Poul Anderson is a writer's writer, David Brin, Vernor Vinge and others swear by him and Vinge even dedicated his epic [b:A Deepness in the Sky|226004|A Deepness in the Sky (Zones of Thought #2)|Vernor Vinge|https://d.gr-assets.com/books/1217218691s/226004.jpg|1270006] to him. His influence on their work is fairly obvious, Anderson knew his science and was able to employ that knowledge to max effect in his fiction. He was also a natural story teller who never neglected the human element in his sf stories.
Tau Zero is - I believe - what veteran sf readers would call "diamond hard sf"
where all the fictional science is completely plausible. So no teleportation, snarky robots, or little green men. I have to admit a lot of the "interstellar astronautics theory" and other scientific details went whoosh! right over my head, yet somehow Anderson always ensured that the story is never incomprehensible. I also learned a lot about time dilation and relativity that I never knew before, which will undoubtedly make me the life of the next party I go to.
The characters are fairly interesting people, led by a protagonist who is a "pragmatism personified" super stoic constable, but at least he is very articulate, not one of those cliche taciturn hero type. In any case, given the short length of the novel (190 pages) there is not all that much room to develop the characters, a lot of them seem to be defined by their personal quirks.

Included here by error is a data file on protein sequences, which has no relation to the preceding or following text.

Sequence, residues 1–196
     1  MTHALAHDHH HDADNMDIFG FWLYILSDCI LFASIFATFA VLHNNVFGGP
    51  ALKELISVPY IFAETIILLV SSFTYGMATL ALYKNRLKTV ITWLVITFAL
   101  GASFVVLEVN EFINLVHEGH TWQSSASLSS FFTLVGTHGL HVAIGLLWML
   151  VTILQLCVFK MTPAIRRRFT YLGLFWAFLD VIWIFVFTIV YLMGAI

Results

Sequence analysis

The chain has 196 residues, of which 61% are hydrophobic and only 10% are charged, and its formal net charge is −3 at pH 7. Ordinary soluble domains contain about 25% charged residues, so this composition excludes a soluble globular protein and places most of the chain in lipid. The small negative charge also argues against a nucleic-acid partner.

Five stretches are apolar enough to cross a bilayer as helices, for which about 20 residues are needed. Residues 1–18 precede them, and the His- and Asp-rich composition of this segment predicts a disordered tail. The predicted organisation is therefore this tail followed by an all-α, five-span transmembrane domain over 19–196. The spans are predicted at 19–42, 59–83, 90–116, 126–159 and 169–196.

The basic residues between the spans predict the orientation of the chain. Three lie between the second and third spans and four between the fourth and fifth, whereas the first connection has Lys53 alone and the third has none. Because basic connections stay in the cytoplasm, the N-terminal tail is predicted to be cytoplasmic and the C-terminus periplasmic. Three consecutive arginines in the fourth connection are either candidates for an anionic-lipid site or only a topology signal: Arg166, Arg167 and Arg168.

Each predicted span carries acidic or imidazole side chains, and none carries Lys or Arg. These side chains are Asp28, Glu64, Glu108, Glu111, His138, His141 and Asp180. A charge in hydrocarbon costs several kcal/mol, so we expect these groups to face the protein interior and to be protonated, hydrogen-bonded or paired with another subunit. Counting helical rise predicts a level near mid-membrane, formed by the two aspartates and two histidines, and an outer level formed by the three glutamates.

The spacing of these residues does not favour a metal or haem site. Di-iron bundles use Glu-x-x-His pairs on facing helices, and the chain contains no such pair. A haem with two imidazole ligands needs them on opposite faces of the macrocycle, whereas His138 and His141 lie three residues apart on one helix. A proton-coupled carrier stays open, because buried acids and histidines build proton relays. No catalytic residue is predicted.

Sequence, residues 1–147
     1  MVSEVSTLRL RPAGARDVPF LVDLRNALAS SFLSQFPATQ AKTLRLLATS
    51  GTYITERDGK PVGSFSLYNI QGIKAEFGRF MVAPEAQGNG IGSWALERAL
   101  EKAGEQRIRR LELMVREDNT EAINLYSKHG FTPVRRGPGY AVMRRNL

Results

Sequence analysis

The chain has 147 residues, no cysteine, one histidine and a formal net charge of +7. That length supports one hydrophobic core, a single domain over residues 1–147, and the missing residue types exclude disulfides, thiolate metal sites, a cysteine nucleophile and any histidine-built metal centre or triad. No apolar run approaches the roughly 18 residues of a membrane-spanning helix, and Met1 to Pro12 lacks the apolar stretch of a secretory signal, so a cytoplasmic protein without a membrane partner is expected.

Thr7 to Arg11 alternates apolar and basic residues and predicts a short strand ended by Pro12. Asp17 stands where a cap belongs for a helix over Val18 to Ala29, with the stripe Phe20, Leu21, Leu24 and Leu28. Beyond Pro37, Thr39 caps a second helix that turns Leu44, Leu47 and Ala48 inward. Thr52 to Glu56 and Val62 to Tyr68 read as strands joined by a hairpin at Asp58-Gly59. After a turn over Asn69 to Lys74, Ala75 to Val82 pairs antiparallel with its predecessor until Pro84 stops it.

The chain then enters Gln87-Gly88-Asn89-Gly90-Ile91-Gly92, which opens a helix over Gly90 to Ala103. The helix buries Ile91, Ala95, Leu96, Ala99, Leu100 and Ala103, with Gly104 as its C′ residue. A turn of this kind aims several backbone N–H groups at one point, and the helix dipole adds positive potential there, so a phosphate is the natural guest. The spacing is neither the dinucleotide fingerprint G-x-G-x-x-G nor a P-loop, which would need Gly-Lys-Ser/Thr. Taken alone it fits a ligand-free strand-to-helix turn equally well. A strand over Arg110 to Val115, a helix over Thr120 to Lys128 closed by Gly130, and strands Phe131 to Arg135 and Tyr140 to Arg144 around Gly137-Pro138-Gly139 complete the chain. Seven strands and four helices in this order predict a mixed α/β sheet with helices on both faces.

For some reason this book reminds me of David Bowie's "Space Oddity"
, not in specifics, as the story follows an entire starship crew not just one Major Tom. However, there is a sense of that "Planet Earth is blue and there's nothing I can do"
sort of loneliness and hopelessness among the crew through out most of the novel. Even before the starship went out of control the crew never had any hope of returning home to the people they know due to the time dilation effect. After things go "pear-shaped" the damned thing can no longer decelerate let alone stop, heading to goodness knows where. The final destination turned out to be truly awesome.
A lot of people who ask for sf book recommendations (in Reddit especially) tend to stipulate that they don't want anything pre-70s, or even pre-80s due to the misconception that old sf books are "outdated". Their prerogative of course but it is a shame that they will miss out on older gems like this one.
Now go take your protein pills and put your helmet on.